And that's why my biggest problem with “The Measure of a Man” is that it's played as a courtroom drama. Just for the record, I loathe courtroom dramas on general principle: I tend to find them pompously overblown things that obfuscate and misrepresent legal jurisprudence to a frankly dangerous and irresponsible degree simply to artificially inflate drama. And that's precisely what “The Measure of a Man” does. One thing I've never been able to get beyond is the story's treatment of Commander Riker: To the best of my knowledge and based on what research I've done (meaning I wrote a friend of mine who is a former law student and asked him), there is absolutely no legal precedent for Riker to be pressed into prosecuting the case here. I've always suspected that was more than a little fishy, and I think this twist really damages the finished product. It brings the entire tone of the episode down to high school logic and debate class and reduces Riker's character to vacuous, unnecessary angst. There is absolutely no reason for Riker to be prosecuting Data and Picard against his will except drama for drama's sake, and if there's one trend in narrative media I absolutely hate it's drama for drama's sake.

Furthermore, the episode misuses the term “summary judgment” when “default judgment” would probably be a more preferable descriptor for what Louvois threatens to do, it's never explained why Maddox can't represent himself or seek his own council and the entire case as built should probably have been thrown out due to the *extremely blatant* conflict of interest on *everyone's* part. Now, I'm not a lawyer while Melinda Snodgrass actually is, so I certainly wouldn't presume to challenge her on legalese, but even *I* noticed things were a bit suspect here, and Snodgrass' law degree certainly doesn't preclude the producers taking her submission and monkeying around with it to make it less accurate but more dramatic. Paula Block and Terry J. Erdmann even flat out say in the entry on this episode in Star Trek: The Next Generation 365 that after they read her pitch and asked her to come to Los Angeles, the producers “made the necessary changes” to “The Measure of a Man” to turn it into a filmable draft.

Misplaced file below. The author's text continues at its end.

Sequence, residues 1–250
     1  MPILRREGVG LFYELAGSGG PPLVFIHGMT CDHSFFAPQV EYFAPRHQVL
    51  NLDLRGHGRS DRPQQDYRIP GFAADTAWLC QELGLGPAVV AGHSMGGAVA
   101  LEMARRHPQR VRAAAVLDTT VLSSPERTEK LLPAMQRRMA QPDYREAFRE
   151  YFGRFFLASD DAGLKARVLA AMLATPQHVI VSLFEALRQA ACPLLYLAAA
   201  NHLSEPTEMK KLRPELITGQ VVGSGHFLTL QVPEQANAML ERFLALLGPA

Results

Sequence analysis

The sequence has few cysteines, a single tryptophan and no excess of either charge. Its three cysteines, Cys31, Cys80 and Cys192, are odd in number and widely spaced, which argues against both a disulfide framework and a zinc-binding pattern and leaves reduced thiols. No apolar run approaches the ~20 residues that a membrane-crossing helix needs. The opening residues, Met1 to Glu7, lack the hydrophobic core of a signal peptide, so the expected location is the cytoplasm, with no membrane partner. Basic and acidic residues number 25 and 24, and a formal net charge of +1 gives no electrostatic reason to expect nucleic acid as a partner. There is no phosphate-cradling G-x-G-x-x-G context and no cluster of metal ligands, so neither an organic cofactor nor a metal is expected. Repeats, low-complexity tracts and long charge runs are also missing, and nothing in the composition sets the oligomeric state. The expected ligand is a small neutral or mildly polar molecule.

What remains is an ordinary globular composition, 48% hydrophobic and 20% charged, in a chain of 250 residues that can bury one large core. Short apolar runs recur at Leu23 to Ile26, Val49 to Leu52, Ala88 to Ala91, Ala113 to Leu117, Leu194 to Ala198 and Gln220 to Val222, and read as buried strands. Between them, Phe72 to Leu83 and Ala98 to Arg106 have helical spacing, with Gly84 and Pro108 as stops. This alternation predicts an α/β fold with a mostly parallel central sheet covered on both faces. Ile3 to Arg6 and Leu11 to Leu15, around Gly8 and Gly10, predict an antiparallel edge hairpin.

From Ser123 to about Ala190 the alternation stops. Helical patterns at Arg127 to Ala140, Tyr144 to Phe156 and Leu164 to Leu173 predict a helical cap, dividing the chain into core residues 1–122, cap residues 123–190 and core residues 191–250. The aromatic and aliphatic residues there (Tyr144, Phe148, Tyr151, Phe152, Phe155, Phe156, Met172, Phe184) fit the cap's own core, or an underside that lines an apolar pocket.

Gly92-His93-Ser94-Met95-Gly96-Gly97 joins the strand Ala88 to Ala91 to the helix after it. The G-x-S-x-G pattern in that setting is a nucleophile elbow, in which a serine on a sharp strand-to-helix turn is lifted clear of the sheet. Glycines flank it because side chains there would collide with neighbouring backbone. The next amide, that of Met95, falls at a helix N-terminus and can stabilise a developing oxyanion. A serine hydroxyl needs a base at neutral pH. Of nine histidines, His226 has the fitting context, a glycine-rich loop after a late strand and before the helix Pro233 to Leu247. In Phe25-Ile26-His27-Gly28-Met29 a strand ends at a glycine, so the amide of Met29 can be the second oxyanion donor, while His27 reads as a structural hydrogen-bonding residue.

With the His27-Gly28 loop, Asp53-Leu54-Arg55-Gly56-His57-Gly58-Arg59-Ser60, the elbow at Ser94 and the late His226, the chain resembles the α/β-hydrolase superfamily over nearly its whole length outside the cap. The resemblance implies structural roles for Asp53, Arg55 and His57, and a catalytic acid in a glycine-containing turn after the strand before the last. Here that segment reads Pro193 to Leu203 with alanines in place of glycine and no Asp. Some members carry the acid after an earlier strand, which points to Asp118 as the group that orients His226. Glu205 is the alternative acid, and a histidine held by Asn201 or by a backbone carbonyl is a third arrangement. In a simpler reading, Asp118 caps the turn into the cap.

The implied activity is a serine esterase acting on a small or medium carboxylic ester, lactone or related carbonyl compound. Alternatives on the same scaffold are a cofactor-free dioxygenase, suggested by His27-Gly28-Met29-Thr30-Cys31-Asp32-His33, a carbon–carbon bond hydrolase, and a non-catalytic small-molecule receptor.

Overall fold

And the fact of the matter is that all of this actually gets in the way of me enjoying the good philosophical stuff and touching character bits. All I can think about is how little sense this trial makes and how unfair and phony it all feels. And there's a larger issue at play here too: Just as Guinan pointed out to Picard, all this emphasis on grandiose highbrow metaphysics only serves to distract us from the reality that what this is ultimately about is the ruling class assuming the right to profit off of and exploit an oppressed class of “disposable people”. This isn't about personal identity theory, it's about depersonalization, and how those in power will always default to enslavement in the name of efficiency. In hindsight it's obvious why the Federation wouldn't recognise Data as sentient and try to strip away his personhood in the name of replicating his value as a unit of labour: The Federation wants to mass-produce Data, which is only logical, as the Federation is built on the foundation of Western capitalism and Western capitalism is built on the foundation of slavery. What capitalistic entity wouldn't leap at the opportunity to create an entire race of disposable workers at a negligible upfront investment cost?